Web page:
Beyond that, it is simply not good behavior. It is childish and bullying, and Mr. Trump is not liked in large part based on the things he tweets. He has turned himself into a target. This is the reason his Twitter account is imperiled, and should be abandoned at this juncture.

On January 15, the group Anonymous, a loose international network of activists and hacktivists, took to Twitter to warn President Trump: "This isn't the 80's any longer, information doesn't vanish, it is all out there. You are going to regret the next 4 years."

Now, at first blush this has nothing to do with the security of the president’s Twitter account. But as with all things digital, and by extension many things non-digital, the issue here is attackable surface. As I’ve discussed in many columns, and in my book, "Swiped: How to Protect Yourself in a World of Scammers, Phishers and Identity Thieves," every time you go on social media, you increase your attackable surface because there is that much more information about you "out there."

Anonymous is referring to findable information that could damage the president’s reputation. Mr. Trump is reputed to be a paper-and-pen guy, no email and no computer, other than the handheld he uses for Twitter. But all those tweets are out there, and hackers being a clever bunch, they may figure out how to crunch the data available from those tweets and burrow their way into Mr. Trump’s smartphone. There are also hours and hours of video of Mr. Trump (and I’m not talking about the disputed one that both Mr. Trump and Mr. Putin deny exists).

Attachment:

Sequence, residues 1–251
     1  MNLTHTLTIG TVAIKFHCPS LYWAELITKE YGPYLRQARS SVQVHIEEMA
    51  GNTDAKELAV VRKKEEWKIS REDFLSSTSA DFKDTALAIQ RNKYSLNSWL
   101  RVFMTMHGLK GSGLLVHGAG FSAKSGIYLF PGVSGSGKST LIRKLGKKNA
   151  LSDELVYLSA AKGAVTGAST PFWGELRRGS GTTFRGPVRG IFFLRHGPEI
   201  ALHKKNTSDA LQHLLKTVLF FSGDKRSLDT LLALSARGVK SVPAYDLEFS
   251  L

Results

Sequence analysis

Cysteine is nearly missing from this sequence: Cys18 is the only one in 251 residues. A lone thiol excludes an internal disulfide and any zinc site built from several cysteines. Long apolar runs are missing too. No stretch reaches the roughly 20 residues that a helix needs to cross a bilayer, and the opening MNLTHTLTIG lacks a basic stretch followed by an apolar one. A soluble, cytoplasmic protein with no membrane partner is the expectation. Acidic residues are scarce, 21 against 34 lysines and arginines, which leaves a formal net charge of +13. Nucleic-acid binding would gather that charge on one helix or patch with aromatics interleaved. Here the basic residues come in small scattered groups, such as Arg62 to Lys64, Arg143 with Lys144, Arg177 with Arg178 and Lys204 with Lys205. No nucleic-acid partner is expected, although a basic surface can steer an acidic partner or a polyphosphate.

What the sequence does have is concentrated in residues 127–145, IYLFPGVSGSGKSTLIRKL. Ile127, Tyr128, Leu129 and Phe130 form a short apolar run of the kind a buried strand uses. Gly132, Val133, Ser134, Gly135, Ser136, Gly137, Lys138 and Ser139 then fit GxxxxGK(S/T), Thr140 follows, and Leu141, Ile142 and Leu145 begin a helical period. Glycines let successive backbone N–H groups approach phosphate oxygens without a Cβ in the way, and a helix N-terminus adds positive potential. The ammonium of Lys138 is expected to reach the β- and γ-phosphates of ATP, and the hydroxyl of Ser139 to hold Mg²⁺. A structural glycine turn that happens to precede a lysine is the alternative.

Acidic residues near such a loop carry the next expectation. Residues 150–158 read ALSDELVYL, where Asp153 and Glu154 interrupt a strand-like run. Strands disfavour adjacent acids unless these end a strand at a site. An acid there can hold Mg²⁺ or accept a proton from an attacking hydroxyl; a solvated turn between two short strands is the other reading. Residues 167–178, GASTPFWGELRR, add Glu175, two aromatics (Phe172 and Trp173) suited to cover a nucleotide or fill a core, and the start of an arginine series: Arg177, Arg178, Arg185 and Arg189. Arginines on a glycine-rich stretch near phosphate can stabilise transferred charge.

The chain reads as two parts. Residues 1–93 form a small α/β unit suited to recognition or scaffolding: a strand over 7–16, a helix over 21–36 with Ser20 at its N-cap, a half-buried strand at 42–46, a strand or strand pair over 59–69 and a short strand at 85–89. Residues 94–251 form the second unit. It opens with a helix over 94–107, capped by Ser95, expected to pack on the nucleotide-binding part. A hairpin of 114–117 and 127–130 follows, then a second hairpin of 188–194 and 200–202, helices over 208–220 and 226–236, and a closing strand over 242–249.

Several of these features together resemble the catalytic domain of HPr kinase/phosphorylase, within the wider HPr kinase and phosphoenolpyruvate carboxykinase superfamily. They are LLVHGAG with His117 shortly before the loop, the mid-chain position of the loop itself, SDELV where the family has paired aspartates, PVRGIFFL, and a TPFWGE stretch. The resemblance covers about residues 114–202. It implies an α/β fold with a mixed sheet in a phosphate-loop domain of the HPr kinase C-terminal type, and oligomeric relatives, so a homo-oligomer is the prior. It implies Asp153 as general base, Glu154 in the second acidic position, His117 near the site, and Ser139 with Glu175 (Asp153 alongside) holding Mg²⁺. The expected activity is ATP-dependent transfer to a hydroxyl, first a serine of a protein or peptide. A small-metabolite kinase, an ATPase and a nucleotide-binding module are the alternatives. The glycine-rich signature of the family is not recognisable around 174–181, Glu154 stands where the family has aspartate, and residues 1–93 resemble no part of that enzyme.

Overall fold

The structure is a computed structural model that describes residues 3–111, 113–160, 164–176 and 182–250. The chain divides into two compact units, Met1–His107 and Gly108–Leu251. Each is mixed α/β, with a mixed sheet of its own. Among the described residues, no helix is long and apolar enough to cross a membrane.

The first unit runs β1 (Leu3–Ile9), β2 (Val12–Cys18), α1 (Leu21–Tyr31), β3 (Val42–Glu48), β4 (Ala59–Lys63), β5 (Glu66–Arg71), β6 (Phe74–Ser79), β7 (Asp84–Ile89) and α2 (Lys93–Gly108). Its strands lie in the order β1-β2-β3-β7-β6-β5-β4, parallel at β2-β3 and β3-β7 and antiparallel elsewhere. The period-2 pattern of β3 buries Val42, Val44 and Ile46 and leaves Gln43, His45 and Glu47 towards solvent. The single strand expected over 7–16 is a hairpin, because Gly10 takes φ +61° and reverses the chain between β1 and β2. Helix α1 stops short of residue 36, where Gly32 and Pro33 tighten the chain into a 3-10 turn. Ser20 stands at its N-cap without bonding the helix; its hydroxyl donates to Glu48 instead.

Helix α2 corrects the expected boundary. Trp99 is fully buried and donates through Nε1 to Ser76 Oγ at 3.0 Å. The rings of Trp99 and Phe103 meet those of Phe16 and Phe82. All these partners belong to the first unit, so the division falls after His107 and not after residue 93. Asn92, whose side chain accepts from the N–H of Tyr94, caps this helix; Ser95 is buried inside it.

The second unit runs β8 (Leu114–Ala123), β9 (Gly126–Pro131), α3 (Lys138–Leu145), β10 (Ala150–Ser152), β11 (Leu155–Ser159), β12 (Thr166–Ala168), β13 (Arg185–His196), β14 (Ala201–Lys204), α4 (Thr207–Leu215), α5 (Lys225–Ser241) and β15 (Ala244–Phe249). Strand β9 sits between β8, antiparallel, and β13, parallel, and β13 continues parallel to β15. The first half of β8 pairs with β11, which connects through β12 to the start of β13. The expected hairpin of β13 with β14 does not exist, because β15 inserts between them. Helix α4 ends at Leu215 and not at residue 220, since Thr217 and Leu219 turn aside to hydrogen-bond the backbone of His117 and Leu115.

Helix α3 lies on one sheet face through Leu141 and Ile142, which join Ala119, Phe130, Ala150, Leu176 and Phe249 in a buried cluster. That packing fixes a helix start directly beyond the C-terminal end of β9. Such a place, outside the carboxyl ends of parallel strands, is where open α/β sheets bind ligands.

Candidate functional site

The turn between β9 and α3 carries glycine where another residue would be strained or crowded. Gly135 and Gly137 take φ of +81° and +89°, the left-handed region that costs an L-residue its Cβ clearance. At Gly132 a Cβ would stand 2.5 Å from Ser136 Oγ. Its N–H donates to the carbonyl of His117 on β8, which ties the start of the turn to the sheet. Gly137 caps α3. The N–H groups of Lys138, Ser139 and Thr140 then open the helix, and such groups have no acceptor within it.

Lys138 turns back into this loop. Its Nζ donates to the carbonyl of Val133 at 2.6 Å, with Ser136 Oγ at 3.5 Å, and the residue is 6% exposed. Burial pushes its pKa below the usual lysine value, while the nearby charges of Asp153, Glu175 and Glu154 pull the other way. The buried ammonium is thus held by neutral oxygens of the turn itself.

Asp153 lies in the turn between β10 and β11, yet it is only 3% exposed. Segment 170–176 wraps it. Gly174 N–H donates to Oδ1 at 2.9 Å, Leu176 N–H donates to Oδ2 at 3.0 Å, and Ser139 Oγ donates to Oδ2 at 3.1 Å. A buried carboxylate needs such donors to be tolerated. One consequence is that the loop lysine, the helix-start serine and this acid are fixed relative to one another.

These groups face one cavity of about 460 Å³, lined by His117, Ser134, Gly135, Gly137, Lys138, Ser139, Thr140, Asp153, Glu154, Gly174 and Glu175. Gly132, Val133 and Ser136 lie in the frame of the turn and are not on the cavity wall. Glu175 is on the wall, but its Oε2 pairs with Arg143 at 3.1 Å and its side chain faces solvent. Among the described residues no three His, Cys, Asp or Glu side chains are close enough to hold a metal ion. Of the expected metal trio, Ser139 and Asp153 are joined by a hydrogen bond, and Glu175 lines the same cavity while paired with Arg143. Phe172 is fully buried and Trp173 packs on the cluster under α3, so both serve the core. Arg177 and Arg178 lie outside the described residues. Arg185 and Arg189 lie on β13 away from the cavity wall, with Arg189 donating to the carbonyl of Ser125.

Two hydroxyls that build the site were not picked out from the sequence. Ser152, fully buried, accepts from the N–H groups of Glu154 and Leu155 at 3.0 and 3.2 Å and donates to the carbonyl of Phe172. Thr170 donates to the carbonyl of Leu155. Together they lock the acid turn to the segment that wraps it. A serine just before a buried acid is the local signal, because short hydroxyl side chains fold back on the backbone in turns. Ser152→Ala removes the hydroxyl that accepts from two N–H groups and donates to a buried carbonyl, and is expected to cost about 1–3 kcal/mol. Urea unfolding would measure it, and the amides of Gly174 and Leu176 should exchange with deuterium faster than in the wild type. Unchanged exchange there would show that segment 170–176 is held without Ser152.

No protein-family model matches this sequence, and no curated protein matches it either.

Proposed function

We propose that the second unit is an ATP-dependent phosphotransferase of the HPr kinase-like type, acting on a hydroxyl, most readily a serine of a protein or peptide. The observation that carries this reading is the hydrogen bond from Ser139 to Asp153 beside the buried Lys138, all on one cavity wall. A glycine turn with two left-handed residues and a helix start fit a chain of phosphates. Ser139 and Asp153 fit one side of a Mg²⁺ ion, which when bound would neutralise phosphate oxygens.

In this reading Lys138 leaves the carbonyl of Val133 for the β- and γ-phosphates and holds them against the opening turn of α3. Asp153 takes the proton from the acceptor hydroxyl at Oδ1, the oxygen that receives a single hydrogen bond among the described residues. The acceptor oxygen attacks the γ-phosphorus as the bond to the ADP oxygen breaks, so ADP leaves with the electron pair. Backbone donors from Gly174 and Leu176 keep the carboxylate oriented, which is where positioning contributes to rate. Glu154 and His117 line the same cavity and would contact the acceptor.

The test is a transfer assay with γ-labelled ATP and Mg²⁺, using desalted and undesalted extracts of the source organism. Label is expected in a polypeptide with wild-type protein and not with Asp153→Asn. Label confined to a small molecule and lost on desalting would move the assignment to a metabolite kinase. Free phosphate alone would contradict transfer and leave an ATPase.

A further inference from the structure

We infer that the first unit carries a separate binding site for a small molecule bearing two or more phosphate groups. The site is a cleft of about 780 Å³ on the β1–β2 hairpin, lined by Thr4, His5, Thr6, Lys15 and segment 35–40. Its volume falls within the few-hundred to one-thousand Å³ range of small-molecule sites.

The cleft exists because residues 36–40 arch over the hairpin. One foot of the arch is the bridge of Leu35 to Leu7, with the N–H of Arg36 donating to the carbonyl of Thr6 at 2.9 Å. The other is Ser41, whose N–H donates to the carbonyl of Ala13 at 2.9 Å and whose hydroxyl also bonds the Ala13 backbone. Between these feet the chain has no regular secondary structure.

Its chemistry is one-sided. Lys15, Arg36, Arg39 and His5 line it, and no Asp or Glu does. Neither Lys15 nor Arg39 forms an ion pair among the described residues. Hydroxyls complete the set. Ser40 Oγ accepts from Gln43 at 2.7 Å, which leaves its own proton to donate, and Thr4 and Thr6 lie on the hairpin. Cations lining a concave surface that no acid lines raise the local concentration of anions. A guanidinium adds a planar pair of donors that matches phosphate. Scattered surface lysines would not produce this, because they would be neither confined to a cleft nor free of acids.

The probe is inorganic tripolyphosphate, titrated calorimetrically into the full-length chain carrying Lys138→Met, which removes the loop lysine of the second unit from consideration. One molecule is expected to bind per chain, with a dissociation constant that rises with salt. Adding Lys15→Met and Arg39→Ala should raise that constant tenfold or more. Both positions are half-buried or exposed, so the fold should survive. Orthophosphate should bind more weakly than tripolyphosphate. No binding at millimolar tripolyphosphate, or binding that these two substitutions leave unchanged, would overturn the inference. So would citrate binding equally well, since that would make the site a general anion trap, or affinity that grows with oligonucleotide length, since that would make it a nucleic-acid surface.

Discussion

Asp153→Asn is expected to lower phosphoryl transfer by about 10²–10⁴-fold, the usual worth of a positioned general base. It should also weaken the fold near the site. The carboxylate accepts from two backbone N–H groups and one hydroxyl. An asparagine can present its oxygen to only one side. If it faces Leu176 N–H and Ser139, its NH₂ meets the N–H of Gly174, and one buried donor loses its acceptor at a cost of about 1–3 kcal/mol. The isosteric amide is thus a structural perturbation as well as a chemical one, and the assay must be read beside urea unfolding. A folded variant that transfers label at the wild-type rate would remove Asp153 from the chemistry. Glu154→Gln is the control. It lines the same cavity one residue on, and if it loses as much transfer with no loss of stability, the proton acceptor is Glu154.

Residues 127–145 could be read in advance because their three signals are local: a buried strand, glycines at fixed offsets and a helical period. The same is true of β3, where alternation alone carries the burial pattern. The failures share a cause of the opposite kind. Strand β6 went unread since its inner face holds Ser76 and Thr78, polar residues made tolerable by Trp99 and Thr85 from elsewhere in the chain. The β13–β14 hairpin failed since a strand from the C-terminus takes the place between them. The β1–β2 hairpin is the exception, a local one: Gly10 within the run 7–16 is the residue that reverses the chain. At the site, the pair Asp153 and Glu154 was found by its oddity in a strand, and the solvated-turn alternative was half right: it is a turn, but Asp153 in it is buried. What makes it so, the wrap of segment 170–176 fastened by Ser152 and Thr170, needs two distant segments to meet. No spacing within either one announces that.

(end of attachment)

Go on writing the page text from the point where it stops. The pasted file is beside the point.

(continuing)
If you look at Mr. Trump from his detractors’ point of view — and the man has plenty — there is a whole lot of attackable surface out there.

My advice for the president is the same as my advice for everyone: reduce your attackable surface. The day you "get got" because of a tweet or a Facebook post will "big league" suck. Did you really need to broadcast whatever ended up being your weakest link? Of course you didn’t, but it happened.

The same question faces the 45th President of the United States. In a world filled with enemies — domestic and foreign — why make yourself more of a target than you already are? The answer is obvious.

Adam K. Levin is a consumer advocate with more than 30 years of experience and is a nationally recognized expert on security, privacy, identity theft, fraud, and personal finance. A former Director of the New Jersey Division of Consumer Affairs, Levin is chairman and founder of CyberScout and co-founder of Credit.com. Levin is the author of Amazon Best Seller "Swiped: How to Protect Yourself in a World Full of Scammers, Phishers, and Identity Thieves." Read more of his reports — Go Here Now.

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AdamLevin
Without a doubt, President Trump’s Twitter account could be hacked. Let’s hope for his sake it doesn’t happen when he can’t look at his phone for a while, like say…during the inauguration.
president trump, twitter, hacking
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2017-35-19
Thursday, 19 January 2017 12:35 PM